To cleanse our inner gaze we can use a piece of advice given by Jesus: to become children in order to enter the kingdom of God, to look at nature again with a naïve and new gaze, free of all judgments and preconceived ideas. To look at everything as if it were the first time.
In the presence of a dazzling landscape, we have become incapable of quiet contemplation, accustomed to compulsively pulling out our phones to take a picture. To open our hearts during this Lent, let us move from “selfie mode” to “reverential mode“. The invitation is to stop focusing on ourselves, and develop an attentive and grateful attitude so that we can listen to Christ singing in all things.
It is an opportunity to fast from our own securities and re-generate our relationship with the Earth, allowing ourselves to be lovingly cared for by God through her.
Jesus’ way with nature
Jesus’ way of relating to nature is revealing: many of his parables are inspired by nature or country life. He marvels at the beauty of the lilies, and the peaceful life of the birds. He makes comparisons with the yoke of the oxen, the vineyards, the sowers, the seeds and the kingdom he likens to mustard seeds. Jesus contemplated nature deeply and used it to give us the essence of his message.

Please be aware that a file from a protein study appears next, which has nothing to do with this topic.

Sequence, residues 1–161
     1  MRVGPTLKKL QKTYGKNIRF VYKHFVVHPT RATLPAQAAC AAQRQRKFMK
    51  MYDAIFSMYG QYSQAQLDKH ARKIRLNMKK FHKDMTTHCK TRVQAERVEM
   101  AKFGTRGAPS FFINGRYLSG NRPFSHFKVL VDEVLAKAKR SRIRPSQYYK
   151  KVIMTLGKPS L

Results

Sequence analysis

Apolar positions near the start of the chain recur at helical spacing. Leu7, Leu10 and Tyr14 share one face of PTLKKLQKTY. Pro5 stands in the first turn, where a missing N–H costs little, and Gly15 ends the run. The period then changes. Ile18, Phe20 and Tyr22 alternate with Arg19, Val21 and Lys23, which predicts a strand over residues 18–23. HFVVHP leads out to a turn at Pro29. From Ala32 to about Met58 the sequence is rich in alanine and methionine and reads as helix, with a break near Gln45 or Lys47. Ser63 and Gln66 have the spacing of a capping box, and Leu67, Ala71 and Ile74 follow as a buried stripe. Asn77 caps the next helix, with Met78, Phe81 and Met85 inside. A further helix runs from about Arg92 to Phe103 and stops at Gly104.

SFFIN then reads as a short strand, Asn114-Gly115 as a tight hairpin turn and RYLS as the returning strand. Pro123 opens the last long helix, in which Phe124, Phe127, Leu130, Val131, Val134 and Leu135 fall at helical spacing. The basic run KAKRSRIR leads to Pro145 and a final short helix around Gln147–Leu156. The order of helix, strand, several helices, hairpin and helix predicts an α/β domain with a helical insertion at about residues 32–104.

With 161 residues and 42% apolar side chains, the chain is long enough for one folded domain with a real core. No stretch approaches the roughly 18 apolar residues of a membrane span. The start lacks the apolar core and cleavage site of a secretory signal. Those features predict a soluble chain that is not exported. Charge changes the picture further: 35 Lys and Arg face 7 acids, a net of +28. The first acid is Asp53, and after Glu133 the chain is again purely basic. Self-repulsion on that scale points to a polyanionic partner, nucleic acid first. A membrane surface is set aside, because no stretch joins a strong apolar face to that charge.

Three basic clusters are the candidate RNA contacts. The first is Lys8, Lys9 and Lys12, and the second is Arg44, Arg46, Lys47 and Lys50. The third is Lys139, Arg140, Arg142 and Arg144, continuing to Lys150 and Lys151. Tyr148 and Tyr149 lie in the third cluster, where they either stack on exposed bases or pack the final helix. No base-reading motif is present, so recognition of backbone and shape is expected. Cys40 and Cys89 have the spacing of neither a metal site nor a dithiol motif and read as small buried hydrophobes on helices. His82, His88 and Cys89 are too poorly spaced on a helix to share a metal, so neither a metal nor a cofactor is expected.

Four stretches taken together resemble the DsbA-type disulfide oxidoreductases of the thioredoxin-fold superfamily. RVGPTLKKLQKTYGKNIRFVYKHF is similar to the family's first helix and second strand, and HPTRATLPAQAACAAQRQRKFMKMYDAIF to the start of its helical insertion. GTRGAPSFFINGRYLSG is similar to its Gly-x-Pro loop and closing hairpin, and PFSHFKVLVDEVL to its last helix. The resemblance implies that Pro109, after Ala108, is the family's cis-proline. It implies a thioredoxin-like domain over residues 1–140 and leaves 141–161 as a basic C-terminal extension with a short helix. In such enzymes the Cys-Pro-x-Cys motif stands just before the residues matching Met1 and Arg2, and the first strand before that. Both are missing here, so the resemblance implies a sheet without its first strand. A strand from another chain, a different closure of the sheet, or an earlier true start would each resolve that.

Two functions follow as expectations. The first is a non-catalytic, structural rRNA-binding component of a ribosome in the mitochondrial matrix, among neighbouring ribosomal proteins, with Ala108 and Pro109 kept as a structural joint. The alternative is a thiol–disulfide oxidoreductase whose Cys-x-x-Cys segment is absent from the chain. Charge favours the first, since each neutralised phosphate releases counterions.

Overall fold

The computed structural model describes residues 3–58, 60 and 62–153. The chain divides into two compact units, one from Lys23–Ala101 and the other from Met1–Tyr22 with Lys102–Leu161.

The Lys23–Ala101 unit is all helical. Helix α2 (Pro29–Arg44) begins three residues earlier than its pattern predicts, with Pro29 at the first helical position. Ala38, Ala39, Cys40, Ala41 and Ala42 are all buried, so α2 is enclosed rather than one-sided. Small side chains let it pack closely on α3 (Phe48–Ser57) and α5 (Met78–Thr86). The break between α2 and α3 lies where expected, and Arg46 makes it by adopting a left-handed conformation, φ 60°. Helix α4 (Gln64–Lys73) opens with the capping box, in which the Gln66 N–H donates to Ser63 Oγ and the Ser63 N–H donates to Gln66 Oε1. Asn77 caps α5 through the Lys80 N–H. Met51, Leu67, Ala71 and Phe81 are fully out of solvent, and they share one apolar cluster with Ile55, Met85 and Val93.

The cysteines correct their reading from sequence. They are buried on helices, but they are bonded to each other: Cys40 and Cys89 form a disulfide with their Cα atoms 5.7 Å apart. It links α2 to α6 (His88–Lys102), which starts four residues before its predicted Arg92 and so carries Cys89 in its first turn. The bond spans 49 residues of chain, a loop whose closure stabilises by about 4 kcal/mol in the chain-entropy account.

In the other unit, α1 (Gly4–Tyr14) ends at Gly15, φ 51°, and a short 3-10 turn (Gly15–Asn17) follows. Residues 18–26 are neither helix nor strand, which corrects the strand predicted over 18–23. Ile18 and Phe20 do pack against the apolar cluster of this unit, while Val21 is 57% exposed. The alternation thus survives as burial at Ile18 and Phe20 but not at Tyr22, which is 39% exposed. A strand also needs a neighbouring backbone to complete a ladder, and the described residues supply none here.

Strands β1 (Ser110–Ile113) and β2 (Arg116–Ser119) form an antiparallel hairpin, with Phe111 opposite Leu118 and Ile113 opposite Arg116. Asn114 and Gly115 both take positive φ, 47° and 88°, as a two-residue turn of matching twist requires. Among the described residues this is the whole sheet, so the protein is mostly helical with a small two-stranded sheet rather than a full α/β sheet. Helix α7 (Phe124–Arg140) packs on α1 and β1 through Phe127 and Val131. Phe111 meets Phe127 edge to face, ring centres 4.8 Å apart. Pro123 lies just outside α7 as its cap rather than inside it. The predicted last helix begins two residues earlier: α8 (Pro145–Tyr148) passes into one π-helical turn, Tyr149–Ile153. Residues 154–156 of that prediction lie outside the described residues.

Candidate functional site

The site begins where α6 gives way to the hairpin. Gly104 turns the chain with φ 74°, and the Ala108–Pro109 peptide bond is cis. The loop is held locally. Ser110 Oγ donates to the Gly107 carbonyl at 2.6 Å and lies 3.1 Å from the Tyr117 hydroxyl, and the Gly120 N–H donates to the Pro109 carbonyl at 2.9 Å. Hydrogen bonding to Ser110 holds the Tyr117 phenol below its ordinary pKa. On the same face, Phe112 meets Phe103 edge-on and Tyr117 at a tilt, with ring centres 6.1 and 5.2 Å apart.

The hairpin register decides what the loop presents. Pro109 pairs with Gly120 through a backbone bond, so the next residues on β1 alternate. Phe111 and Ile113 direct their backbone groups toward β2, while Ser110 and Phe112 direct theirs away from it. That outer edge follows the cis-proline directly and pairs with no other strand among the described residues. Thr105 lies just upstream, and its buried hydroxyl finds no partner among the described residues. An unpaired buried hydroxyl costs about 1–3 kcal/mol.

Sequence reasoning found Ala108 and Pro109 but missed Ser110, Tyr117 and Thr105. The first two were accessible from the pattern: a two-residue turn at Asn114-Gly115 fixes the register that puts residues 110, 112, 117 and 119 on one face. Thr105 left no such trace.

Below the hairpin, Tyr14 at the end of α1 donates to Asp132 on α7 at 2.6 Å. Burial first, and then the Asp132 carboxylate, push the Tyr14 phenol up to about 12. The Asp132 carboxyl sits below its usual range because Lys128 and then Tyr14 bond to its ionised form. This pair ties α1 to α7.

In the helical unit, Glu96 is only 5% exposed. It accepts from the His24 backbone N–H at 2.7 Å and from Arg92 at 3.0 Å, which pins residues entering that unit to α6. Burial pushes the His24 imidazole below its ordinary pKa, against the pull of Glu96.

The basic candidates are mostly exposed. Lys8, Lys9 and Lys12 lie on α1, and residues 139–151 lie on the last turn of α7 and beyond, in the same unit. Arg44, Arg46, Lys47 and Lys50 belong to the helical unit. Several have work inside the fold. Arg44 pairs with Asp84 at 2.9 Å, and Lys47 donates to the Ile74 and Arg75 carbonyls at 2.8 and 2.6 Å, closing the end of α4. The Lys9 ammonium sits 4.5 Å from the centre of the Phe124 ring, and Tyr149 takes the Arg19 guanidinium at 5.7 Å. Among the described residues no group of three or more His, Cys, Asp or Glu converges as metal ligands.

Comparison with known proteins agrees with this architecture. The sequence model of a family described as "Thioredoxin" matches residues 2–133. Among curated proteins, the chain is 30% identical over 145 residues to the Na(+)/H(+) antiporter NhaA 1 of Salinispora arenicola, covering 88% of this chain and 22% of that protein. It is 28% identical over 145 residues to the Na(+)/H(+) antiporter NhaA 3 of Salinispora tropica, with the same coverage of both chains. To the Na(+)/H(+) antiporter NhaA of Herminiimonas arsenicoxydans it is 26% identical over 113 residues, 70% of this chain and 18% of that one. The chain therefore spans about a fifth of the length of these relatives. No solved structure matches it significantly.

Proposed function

This Lent, let us open ourselves to a new understanding of reality based on our relationship with nature, learning to trust it. It is an opportunity to fast from our own securities and re-generate our relationship with the Earth, allowing ourselves to be lovingly cared for by God through her.
It is worth reviewing our relationship with creation: there is a necessary correlation between the way we treat nature, ourselves and God. Do you want to know how you care for your relationship with God? Take note of the way you care for creation. Want to check how your relationship with nature is? Check how you treat others. Anyone who says, “I am in the light,” but hates a brother, is still in the darkness.(1 Jn 2:4). The same could be said of one who does not love creation.
💚 Lent, a time to fall in love with Creation and its Creator. This Lent, sign up for the Laudato Si’ Animators Program: laudatosianimators.org